Thursday, March 31, 2005

My Father, My Teacher

How did I get where I am today?

I didn't grow up religious. The story of how I ended up religious is an important one as far as understanding who I am, but I won't go into it in this post. What I'd like to discuss here is how I arrived at my hashkafa within my religious observance, my worldview, my Weltanschauung.

I got involved in Orthodoxy by way of Bnei Akiva. Now for me Bnei Akiva was a social thing at first, so I guess had my social outlet been NCSY, or Chabad or whatever, then my hashkafa would have reflected that. But for many of you, Bnei Akiva's hashkafa is not terribly specific. Religious Zionism and Modern Orthodoxy. But that's a wide range of views, and most Bnei Akiva members aren't pinned down too much within that.

Now you can certainly see extremism in Bnei Akiva today, particularly politically, but also religiously - chardal and all that. But the Bnei Akiva education that I received in the States in high school and later in yeshiva in Israel was a moderate, old style Bnei Akiva. I'll get more to that later, but what's important here, is that I didn't become a typical baal teshuva - no going off the depend or acting "too weird", although I'm sure there was some of that. I even remember my rabbis noticing that I wasn't a typical baal teshuva, and within a short amount of time, I doubt anyone could tell me apart from someone raised religious. Had I become a baal teshuva in NCSY - I'm not sure my newly found religious fervor would have found its place in moderation, such as it was.

In any case, I was lucky that my process began when it did. The summer after 11th grade, I went to the Bnei Akiva program TVI - where I first became highly exposed to issues in Tora V'Avoda - as part of Modern Orthodoxy and Religious Zionism - that I highly doubt have been taught so well since. We learned issues about a mixed society, studying secular subjects, the value of labor, etc. But even more importantly, we had great teachers like Zvi Weiss and Mitch Heifetz, who really believed what they were teaching.

And again I got lucky that Bnei Akiva started a new year program in Israel my year - Midrash U'Maaseh. And that the yeshiva that hosted that program was Yeshivat HaKibbutz HaDati in Ein Tzurim. And that the Rosh Yeshiva at the time was Rav David Bigman, and the rest of the staff was also exceptional. And that the guys who I studied with were serious and also believed in what we were learning. All this, together with other factors - made me very lucky.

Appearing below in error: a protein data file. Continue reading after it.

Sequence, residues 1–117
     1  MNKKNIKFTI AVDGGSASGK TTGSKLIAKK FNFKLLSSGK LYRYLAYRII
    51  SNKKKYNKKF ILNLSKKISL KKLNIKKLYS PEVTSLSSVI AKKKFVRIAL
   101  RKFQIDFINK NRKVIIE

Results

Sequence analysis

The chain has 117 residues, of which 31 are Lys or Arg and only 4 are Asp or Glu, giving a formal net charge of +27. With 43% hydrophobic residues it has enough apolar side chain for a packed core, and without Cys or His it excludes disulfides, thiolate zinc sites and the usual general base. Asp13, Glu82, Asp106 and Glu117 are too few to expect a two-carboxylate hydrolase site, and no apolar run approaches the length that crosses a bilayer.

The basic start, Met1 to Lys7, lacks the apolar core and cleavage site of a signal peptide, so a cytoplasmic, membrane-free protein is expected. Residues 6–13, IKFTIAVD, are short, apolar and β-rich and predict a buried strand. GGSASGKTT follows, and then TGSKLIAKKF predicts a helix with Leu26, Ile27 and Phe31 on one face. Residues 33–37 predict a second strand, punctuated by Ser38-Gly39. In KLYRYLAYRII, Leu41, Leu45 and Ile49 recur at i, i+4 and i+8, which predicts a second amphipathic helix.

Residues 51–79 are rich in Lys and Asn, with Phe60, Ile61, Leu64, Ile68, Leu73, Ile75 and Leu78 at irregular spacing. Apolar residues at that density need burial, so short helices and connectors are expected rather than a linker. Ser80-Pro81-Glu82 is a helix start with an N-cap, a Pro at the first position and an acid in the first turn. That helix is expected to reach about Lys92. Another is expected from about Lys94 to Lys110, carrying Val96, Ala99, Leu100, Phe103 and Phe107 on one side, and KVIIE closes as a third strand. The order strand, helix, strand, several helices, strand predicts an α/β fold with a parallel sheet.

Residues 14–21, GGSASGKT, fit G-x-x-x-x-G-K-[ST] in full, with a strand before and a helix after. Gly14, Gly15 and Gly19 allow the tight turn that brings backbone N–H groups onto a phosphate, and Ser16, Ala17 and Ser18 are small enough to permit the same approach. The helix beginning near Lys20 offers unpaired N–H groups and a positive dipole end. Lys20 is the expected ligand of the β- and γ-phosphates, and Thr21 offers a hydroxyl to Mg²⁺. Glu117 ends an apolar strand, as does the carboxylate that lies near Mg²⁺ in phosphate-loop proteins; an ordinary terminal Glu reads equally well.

During my time in the yeshiva - two years, plus some of the time while I was in the army - I started to develop what I guess would become my particular hashkafa. And I continued this throughout the following years. A lot of it was based on the teachings of Rav Bigman, others from studying the works of Rav Soloveitchik, Shmuel Chaim Landau (Shachal), Prof. Yeshayahu Leibowitz, Rabbi David Hartman, Rav Aharon Lichtenstein, Rabbi Eliezer Berkowitz and others. I won't go into it in detail now - although I assume that I will touch upon it in the future in this blog. But the basic idea is that Torah Judaism is unique amongst religions because it doesn't promise paradise, but rather paradox, as Rav Soloveitchik wrote. The very challenge to make this world better, as part of an active covenant with God, is the primary "reward" of the Torah. Who could ask for anything more?

I've written about or given shiurim that relate to this issue in many fields - the concept of blessing God, what is "olam ha'ba", the significance of sleep, and many more. I could always see my influences as well as what I thought was some degree of chiddush of my own.

But recently, I've come to a fascinating revelation. My father is a "teacher of teachers." He has developed a very significant, effective approach toward discipline, classroom management and motivation. It involves teaching children responsibility, treating them with dignity, making them part of the decision making process and emphasizing intrinsic motivation instead of external rewards and punishment. I've heard his talks for years, read his books, and of course experienced his raising me.

But I never really thought about just how similar his educational approach and my religious hashkafa are. I don't know which came first - did my upbringing lead me to follow this path in Judaism? Or did my Jewish return lead me to identify more with my father's approach than I otherwise would have?

I'm not sure. But this is something I'll be certain to return to in the future.